Alaska Whales




Alaska whales - spy-hopping humpback whale


"We have sought wildlife experiences on five continents. Seeing and hearing humpbacks bubble-feeding off Home Shore's bow was nature at its most enchanting and awe-inspiring."

~ Rand and Dana Jack, Washington State


Alaska whale tail


Did you know? Humpback songs are most likely to be heard through the hull of a ship made of wood, which acts like a transducer.
See below,
The Presence of Whales, p. 89.




Max. sizes:

Humpbacks: 52', 100,000 lbs.

Grays: 46 ft., 71,000 lbs.

Orcas: 27 ft, 12,000 lbs.




Recommended Reading:

The Presence of Whales
Ed. by Frank Stewart. Alaska Northwest Books, 1995

Eye of the Whale
Dick Russell, Simon & Schuster, 2001



























Whales of Alaska

Click on photo above for enlargements





". . .enormous mother whales lie dreaming. . .with strange whale eyes wide open in the waters of the beginning and the end."
~ David Herbert Lawrence (1932)



You are guaranteed to see whales on your Home Shore tour, often a hundred or more. You will watch them from the ship, from kayaks, and from land. We always follow observation guidelines and respect their space, but they often closely approach us.

Humpback whales are leviathan ballerinas, breaching and tail-slapping in unison. We find them on Alaska's inland passages throughout the summer months.

Alaska humpback whales bubble-net feeding

When the signal is called, the whales lunge vertically into the air, mouths agape, throats bulging with hundreds of gallons of water, then slowly fall back to expel the water through their baleen, which retains the fish. Watching this wonder is a lifetime experience.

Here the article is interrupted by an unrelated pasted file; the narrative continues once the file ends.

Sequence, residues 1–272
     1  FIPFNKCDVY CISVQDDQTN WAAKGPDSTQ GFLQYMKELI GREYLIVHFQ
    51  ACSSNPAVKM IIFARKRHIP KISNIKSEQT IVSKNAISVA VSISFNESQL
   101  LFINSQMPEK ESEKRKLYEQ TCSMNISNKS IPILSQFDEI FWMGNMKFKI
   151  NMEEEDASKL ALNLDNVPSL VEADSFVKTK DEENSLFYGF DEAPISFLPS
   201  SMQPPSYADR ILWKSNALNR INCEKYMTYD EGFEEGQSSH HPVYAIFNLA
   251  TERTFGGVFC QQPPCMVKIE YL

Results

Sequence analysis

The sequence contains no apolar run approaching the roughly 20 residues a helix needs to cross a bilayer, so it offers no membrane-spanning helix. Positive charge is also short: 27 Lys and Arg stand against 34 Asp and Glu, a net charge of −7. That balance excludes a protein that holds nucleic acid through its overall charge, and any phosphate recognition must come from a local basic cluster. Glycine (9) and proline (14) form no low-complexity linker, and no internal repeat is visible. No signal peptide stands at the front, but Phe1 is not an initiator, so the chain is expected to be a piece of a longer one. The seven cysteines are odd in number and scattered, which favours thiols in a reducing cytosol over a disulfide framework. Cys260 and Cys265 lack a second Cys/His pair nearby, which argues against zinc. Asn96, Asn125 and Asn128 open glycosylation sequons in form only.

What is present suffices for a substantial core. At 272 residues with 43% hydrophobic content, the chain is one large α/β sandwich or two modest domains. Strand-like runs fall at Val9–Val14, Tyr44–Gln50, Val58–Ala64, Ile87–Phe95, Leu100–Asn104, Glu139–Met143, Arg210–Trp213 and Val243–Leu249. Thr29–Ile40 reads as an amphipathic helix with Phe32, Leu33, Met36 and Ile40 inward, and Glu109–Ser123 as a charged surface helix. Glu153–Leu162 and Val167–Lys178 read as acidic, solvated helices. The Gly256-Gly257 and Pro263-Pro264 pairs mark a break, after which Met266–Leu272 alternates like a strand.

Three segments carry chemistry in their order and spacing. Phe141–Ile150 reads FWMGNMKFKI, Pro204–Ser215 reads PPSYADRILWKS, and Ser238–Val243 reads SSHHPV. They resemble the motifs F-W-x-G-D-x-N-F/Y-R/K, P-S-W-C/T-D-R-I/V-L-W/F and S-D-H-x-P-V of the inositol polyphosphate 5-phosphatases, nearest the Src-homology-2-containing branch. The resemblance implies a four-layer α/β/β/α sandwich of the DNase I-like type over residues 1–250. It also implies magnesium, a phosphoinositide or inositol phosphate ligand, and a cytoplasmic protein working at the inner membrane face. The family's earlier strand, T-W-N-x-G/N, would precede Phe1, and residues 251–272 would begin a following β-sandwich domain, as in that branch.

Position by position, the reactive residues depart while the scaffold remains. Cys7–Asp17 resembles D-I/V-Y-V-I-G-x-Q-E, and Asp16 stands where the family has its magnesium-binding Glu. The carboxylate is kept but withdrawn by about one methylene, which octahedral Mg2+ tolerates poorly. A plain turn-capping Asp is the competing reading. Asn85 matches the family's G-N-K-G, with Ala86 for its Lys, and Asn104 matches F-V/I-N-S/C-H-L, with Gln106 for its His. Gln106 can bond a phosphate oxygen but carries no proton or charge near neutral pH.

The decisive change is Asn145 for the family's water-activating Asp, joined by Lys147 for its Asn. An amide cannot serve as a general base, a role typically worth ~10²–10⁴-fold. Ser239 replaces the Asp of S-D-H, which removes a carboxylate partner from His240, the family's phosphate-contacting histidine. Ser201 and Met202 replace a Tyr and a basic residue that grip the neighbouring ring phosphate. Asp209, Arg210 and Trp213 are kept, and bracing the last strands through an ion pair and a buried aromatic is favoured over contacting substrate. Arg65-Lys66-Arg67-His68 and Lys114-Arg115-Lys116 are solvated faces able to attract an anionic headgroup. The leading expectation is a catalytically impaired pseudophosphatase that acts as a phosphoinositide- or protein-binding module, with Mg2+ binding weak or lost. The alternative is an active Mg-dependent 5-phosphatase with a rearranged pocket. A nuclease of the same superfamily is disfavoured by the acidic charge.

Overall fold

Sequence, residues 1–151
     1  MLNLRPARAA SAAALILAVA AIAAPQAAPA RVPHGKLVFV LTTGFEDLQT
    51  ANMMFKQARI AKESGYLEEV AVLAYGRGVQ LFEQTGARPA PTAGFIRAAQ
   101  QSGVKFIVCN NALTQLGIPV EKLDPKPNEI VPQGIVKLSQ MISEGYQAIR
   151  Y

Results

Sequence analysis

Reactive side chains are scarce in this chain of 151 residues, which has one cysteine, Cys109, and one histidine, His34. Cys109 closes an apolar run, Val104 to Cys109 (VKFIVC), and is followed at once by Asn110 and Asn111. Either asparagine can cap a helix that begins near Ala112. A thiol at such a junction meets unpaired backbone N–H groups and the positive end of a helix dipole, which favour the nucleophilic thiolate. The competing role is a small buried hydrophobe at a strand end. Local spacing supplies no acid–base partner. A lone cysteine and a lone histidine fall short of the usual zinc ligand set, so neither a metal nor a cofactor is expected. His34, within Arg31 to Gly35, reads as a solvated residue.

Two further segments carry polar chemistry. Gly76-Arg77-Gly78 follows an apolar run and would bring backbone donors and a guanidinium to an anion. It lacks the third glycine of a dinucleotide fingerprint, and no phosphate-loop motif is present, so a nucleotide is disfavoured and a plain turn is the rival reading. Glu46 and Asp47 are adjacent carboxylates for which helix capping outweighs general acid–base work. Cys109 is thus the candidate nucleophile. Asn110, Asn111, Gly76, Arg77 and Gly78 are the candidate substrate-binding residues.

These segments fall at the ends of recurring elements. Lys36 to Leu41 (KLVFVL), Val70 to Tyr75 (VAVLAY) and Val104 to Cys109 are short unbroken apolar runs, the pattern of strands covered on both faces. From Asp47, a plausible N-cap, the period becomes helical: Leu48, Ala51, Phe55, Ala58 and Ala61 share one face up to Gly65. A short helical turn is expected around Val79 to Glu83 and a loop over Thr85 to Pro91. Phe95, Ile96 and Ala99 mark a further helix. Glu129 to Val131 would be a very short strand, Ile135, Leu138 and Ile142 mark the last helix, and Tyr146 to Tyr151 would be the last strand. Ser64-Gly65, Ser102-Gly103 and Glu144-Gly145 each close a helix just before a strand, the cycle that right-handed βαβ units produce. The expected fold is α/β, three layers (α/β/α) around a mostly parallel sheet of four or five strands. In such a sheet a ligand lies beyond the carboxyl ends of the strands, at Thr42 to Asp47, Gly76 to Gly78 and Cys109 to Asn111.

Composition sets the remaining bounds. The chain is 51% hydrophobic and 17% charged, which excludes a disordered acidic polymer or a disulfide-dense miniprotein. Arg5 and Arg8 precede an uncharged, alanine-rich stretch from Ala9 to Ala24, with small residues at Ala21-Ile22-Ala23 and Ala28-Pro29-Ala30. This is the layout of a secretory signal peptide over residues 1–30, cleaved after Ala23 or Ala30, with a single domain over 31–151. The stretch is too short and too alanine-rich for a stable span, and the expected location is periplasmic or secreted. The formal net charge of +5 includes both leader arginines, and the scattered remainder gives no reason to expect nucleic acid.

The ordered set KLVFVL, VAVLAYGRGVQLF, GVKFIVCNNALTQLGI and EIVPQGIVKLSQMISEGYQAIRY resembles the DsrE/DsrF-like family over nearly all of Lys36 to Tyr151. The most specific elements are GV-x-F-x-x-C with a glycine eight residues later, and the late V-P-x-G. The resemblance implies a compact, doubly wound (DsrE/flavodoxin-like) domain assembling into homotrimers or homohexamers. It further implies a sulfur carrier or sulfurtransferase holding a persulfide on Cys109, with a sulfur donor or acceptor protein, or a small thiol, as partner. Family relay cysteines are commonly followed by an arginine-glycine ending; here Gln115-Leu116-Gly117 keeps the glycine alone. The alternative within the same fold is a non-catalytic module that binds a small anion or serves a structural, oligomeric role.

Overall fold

Alaskan kayaking near humpback whale


A lone juvenile gray met Home Shore two years running in an isolated coastal inlet. The second year he followed us into protected waters and enchanted our anchorage by lying nearby all night, breathing audibly. Our guest named him "Earl," and we later described this experience in a magazine article.


Alaska whales - Orca
Alaska whales - nearby breaching humpback whale

Humpback bubble-net feeding requires a division of labor and is executed by just two pods and only in Southeast Alaska. As the pod communicates with various sounds, it exhales a narrowing circle of bubbles to concentrate a herring school. We listen to this eerie humpback "song" with hydrophones, sometimes with the naked ear.


Alaska humpback whale lunge feeding

Gray whales are present on the outer coast until about July 4. While not acrobatic, they often closely approach one or two at a time, clearly curious and seemingly desiring to commune with us. They feed by scooping and sifting soft bottom sediments, trailing a brown plume on the surface.





Orcas are seen on many of our tours. These "killer whales," members of the porpoise family, slash into sight out of nowhere to cause a mad on-board scramble to viewing sites. Orcas typify Southeast Alaska's frequent wildlife surprises - be alert!






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Alaska on the Home Shore© All Rights Reserved
Except for the main homepage graphic, no image contains objects that have been digitally manipulated. All Alaska whales photographs were taken during Alaskan Home Shore tours, with contributions from professionals Gary Luhm, Suzanne Steel, Heath Cowart, & Ben Kyle.